Celtic Rift Riff
Speaking of monolithic Rock outcroppings, Stonehenge wasn’t the only ancient concert hall – check out Iceland’s Thingvellir!
I had an opportunity to visit Iceland for an international hockey tourney last year and naturally I packed along my flute. I even took along my Loaded Skateboard, although, not sure if I had extended travel insurance, I elected not to ride Reykjavik’s hilly, cobbled streets!
One afternoon a bunch of us took an excursion to see some of the geologic and historic wonders in the area, and this led us to spectacular Thingvellir. This massive, above-ground outcropping of the mid-Atlantic rift is, I learned, the hallowed location of some of the earliest democratic activity in the world, where eleven clan chiefs would meet as early as the 10th Century. Learn more here.
For this particular recording, I asked a hockey buddy to walk off with my Edirol while I read through this playful Celtic tune. I had learned that – perhaps surprisingly – Celtic influence plays an integral role in Iceland’s colourful and rich history. The early Irish travelled to Iceland to escape persecution, inadvertently introducing early Christianity and ancient Celtic culture to the island.
This recording is un-edited, and includes a long tag at the end with the ambient sound of the ever-present wind, the crunching of the lava-gravel of the pathway underfoot, as well as the distant sound of muted conversation. I still don’t have a full gasp of the sheer scale of this place, however I learned afterwards that a couple who had wandered up to the top of the ridge heard the sound of my flute from a great distance and reported that it echoed up and down the valley in a most remarkable way. Listen carefully in the first 10 seconds and you will get a glimpse of what they heard – there are a few seconds where the flute echos beautifully against the ancient rock walls.
Here are some earlier posts from my trip to Iceland. Democratic Flute? It’s clearly an Icelandic ‘thing’!
In reading what follows you might get the impression that I’ve been watching just a little too much of Rick Mercer and his fabulous rants!
But, that being said, and speaking of democracy and hockey…
2008 was a banner year for democracy – just south of the border the democratic convention alone seemed to get even higher ratings than the OJ trial. And then there was Obama’s euphoric nomination, let alone that singular, stupendous midnight speech of his in front of a sea of people in Chicago: democracy – not to mention television ratings – doesn’t get any better than this!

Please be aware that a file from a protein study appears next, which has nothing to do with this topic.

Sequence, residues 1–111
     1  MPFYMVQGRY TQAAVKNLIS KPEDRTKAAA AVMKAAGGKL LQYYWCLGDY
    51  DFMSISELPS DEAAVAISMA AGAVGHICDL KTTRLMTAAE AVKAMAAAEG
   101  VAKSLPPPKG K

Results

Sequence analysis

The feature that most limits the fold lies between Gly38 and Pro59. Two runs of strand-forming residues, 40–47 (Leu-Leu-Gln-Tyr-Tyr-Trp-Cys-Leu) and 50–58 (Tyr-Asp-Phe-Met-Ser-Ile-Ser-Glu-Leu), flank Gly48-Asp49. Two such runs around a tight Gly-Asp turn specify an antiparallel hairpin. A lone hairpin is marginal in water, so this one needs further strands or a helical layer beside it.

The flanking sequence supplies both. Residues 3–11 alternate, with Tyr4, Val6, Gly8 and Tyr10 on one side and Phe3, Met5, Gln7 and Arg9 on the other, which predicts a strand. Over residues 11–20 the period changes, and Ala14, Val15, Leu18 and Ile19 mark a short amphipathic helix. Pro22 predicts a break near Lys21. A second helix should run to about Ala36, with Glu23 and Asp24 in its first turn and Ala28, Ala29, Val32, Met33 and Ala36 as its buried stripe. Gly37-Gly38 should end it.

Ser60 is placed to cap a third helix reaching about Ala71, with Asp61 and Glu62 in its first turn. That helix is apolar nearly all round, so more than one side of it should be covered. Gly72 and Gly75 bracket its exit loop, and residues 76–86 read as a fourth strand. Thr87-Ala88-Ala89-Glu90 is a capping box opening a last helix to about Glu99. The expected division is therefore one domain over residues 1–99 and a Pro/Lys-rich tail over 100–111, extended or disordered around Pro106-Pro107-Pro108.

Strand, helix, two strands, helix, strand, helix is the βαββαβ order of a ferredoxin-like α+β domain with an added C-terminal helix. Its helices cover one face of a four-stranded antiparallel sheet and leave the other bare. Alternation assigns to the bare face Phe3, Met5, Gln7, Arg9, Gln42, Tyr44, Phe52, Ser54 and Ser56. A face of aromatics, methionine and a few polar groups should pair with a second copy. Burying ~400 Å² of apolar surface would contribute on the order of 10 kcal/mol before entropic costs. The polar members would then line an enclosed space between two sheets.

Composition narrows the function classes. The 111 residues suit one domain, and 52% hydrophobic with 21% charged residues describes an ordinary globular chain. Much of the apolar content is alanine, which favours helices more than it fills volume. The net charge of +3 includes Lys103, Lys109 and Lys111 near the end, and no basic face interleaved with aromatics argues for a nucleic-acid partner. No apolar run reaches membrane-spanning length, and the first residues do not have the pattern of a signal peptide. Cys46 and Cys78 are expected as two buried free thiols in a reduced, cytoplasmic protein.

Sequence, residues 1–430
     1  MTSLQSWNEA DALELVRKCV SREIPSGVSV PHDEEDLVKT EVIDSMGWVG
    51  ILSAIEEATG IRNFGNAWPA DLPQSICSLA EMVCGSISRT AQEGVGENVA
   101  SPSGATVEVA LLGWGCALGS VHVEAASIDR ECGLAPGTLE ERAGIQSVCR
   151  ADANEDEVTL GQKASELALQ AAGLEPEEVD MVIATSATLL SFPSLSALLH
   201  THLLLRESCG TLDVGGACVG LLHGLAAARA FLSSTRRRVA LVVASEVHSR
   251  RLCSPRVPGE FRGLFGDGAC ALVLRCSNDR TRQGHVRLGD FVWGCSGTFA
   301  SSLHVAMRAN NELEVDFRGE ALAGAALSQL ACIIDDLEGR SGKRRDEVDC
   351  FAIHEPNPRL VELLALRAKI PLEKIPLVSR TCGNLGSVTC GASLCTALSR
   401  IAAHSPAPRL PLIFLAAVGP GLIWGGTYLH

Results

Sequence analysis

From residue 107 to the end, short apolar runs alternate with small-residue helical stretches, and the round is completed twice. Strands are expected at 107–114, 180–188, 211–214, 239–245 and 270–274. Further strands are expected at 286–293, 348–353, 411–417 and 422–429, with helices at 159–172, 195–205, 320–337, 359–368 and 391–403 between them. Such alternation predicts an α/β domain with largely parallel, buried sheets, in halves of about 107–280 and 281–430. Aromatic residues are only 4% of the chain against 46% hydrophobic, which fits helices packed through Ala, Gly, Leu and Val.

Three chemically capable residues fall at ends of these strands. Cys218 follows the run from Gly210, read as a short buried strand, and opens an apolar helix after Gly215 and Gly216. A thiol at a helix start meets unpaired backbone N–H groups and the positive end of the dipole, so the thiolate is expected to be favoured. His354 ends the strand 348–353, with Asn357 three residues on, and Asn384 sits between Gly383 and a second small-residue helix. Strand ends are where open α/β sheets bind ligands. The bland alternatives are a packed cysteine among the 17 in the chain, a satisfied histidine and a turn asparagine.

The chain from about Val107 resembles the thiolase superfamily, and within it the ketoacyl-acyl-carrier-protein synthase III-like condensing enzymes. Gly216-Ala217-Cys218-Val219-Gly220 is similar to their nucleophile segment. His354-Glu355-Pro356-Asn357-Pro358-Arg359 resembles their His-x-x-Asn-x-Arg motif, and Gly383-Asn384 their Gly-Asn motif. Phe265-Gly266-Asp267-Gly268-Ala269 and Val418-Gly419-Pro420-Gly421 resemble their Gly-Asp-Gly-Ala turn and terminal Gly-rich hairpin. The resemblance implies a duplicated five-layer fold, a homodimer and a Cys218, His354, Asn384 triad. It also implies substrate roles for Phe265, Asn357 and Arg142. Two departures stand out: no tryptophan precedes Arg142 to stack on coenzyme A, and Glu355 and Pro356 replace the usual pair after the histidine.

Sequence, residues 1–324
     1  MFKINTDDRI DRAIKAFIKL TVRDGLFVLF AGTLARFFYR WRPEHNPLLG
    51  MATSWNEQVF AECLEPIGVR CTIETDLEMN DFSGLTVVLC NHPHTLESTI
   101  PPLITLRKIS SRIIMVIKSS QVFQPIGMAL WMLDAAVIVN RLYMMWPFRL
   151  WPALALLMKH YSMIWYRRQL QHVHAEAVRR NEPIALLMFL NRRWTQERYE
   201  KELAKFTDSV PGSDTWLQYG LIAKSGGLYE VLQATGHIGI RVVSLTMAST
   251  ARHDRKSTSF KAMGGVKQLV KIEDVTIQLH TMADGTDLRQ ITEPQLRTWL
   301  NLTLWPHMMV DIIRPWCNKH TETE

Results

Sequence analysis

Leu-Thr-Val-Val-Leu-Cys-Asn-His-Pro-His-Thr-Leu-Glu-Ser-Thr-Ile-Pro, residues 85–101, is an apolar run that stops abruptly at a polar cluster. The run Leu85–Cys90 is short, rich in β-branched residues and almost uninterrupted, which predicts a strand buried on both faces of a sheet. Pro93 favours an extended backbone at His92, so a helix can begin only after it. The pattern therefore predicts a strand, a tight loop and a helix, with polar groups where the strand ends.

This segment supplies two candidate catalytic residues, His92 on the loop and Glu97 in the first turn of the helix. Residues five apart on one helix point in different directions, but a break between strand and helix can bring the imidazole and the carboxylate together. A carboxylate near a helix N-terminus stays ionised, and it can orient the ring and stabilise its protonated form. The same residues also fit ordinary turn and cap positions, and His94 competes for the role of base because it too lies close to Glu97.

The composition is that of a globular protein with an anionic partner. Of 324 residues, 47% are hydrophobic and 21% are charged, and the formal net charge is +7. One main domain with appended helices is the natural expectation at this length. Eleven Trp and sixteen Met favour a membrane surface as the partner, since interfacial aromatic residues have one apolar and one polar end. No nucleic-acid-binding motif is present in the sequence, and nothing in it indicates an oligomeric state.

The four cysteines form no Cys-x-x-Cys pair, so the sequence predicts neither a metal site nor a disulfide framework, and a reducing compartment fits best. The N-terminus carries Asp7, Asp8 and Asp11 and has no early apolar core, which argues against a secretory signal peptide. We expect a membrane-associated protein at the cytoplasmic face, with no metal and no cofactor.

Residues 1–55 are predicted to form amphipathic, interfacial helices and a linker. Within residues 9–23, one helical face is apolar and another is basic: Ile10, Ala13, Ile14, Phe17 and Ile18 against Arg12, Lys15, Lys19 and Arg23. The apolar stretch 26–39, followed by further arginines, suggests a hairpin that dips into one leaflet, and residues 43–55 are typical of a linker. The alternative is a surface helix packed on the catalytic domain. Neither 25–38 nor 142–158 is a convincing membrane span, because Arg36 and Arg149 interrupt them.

The US election contained such fanfare, it made Harper’s snap election here in Canada seem like a pathetic sideshow. Yes, in case you blinked, Canada had an election as well, and everyone would still be shaking their heads wondering “What was that?” if there wasn’t a brand new circus that’s rolled into Ottawa: The Circus Prorogue, camped out way passed it’s welcome in our nation’s capital.
While the rest of us head dutifully back to work and stare down our bills, Harper is off at a hockey game with his son, desperate to win some badly needed political points…on a school-night, no less! Sure, it was the Canada-Sweden final, but when I saw our beloved Prime Minister being interviewed before the game, I almost lost my slice of Whole Foods pizza that I was downing for dinner!
Doesn’t a genuine leader who attends a sporting event sit with some poise, remain in their seat and then perhaps hustle off quietly during second intermission to attend to important business? Not in this case, it would seem. Harper was there being interviewed as the game was about to begin, larger-than-life. With his smug mug thrust into my living room just as I was trying to eat, for god’s sake, he was simpering on about how “Canada will rise victorious in the face of competition on the international stage …” or some equally cliched, insipid claptrap. And besides, who was with his young son while he was chasing down the limelight, pontificating with this thinly-veiled, political grandstanding?
Nice father-son outing: “Excuse me, junior, I have to take off for a while to address the nation – just wait here, I shouldn’t be too long, and, hey, cheer extra loud for me if I’m not back before the game starts!” Needless to say, I quickly changed the channel for a few minutes before finally calming down, finishing my pizza and settling into the hockey game.
Is it just me, or was this a really tacky move on our prime minister’s part? I mean, sure, attend the game – even bring along your son on a weeknight if mom approves – but I’d have thought Harper was on holidays from the national microphone. Unless of course he’s feeling a tad awkward about the whole prorogue con-flab: what a joke!
All I can say is thank god he didn’t jinx the game with his transparent political posturing !
Here is another perspective from on top of the ridge that can be seen in the first image. This is basically view that my friends had when they heard me playing from afar. I was positioned just in the steps that can be viewed in the middle of the image, and would have been a very small figure, although the sound of the flute carried nicely.
The Celtic music might seem a little incongruous, however, like in the previous post about Stonehenge, one can only conjecture what kind of music has sounded in this haunting canyon over the centuries and millenia!